Wildlife first aid course
Kanyana Wildlife Rehabilitation Centre has released their 2013 program of wildlife first aid courses.
With a focus on training people who work on mining and construction sites, the program will give attendees the knowledge and skills necessary to care for sick and injured wildlife. Training is offered at the remote site or at Kanyana’s premises in Lesmurdie.
Our administrator Marisa explains more or view the flyer.
HAS THE BABY MAGPIE REALLY BEEN ABANDONED
Magpies are ground feeders and so it is quite natural for young magpies to be on the ground. They are learning to feed themselves.
Many people see a young magpie on the ground and because it doesn’t fly well and looks young assume that the bird has fallen out of its nest and has been abandoned.
This is not usually the case. The parents are usually around hunting for food themselves and have left the young bird to learn to feed itself. They will return frequently to feed it and defend it if it is in danger.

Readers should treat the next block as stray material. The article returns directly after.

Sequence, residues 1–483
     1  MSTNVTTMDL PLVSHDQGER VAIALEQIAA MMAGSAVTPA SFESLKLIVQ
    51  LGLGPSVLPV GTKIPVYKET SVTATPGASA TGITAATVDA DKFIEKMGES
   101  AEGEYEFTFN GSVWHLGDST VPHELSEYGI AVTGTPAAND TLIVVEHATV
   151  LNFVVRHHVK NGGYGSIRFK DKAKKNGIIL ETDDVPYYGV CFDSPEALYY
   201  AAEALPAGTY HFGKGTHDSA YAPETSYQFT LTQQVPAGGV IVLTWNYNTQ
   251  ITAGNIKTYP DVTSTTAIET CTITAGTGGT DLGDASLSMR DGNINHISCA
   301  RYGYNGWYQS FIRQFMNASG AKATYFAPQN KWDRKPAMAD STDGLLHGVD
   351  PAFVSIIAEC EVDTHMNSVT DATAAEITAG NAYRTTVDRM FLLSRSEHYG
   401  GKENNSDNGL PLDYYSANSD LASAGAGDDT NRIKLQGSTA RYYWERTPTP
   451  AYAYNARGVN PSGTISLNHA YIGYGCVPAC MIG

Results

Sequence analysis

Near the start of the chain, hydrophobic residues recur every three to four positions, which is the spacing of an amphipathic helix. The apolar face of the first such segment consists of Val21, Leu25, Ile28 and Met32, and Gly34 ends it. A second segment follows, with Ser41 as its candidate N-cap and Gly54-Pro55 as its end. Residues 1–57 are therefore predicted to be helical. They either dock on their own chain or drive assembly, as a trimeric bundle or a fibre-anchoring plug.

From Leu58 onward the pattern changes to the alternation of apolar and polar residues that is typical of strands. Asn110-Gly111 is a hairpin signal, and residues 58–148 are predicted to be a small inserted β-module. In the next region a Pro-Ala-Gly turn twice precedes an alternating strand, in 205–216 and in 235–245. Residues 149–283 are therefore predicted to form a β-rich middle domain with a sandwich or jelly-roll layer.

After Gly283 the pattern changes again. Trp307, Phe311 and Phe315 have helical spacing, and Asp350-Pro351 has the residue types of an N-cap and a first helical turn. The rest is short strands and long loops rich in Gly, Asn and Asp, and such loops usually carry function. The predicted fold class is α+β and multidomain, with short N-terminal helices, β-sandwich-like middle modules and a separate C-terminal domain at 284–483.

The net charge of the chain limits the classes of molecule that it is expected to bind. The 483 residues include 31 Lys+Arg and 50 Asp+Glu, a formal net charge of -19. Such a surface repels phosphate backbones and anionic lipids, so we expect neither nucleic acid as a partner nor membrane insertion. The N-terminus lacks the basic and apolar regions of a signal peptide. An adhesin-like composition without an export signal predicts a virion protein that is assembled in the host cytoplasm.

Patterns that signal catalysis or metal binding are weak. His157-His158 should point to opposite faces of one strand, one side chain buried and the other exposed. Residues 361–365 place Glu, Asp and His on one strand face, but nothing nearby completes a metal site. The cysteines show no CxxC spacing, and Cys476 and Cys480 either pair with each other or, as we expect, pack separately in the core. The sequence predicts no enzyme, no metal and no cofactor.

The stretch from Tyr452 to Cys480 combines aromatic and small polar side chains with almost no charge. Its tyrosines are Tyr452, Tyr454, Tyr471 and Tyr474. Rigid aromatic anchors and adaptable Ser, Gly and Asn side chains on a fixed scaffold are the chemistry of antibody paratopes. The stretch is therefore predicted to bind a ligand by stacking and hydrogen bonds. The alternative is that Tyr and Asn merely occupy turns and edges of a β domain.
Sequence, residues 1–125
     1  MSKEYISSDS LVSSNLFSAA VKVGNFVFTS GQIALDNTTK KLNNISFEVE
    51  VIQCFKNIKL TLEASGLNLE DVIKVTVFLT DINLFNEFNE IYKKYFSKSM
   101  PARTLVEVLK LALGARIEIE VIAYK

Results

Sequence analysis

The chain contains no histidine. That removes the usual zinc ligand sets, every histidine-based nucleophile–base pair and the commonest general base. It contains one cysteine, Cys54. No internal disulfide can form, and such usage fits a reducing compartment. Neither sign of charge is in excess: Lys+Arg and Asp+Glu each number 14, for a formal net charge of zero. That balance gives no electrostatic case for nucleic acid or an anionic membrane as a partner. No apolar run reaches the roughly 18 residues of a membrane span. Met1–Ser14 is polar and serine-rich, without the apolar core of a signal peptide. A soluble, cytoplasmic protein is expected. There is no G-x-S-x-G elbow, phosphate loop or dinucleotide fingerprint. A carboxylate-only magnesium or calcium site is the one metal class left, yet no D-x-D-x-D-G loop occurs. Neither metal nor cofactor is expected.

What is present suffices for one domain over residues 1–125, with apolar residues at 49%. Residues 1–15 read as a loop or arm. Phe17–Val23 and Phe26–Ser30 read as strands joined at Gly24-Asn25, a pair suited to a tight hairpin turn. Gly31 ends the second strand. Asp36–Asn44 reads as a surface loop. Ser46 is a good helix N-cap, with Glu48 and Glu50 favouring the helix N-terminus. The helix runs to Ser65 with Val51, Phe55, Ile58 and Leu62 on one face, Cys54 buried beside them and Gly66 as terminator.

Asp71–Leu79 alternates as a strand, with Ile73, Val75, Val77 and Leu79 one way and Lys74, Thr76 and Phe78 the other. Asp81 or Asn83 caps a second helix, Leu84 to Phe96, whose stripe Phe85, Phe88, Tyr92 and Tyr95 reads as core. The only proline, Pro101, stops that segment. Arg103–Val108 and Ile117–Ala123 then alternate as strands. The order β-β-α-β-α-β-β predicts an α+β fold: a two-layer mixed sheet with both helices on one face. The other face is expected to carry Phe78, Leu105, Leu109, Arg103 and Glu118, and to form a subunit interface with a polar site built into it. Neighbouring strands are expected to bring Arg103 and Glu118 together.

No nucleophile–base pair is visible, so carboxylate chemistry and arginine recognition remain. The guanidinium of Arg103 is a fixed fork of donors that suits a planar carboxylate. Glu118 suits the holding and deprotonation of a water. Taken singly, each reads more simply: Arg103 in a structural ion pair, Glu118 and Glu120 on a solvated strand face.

If you see a young magpie on the ground the best thing to do is observe it. If it doesn’t look injured and is not in any danger, leave it where it is, especially if the parents are around. If you don’t see the parents, there is still no need to be concerned, just check on the bird a bit later in the day.
If you think the young bird is in danger, move it to a safe place nearby, on a branch or off the ground in the shade. Make sure the parents can still find it so they can continue to care for it.
If you find a young bird that you think that might be injured and you decide to take it to a wildlife carer or Vet, it is vitally important that you know EXACTLY where the bird was found because it needs to be returned to the exact location to be reunited with its family when it is healthy. The family group looks after a young magpie for up to 2 years, so if the bird goes to the wrong group it will not survive and will probably be killed as it will be seen as an intruder.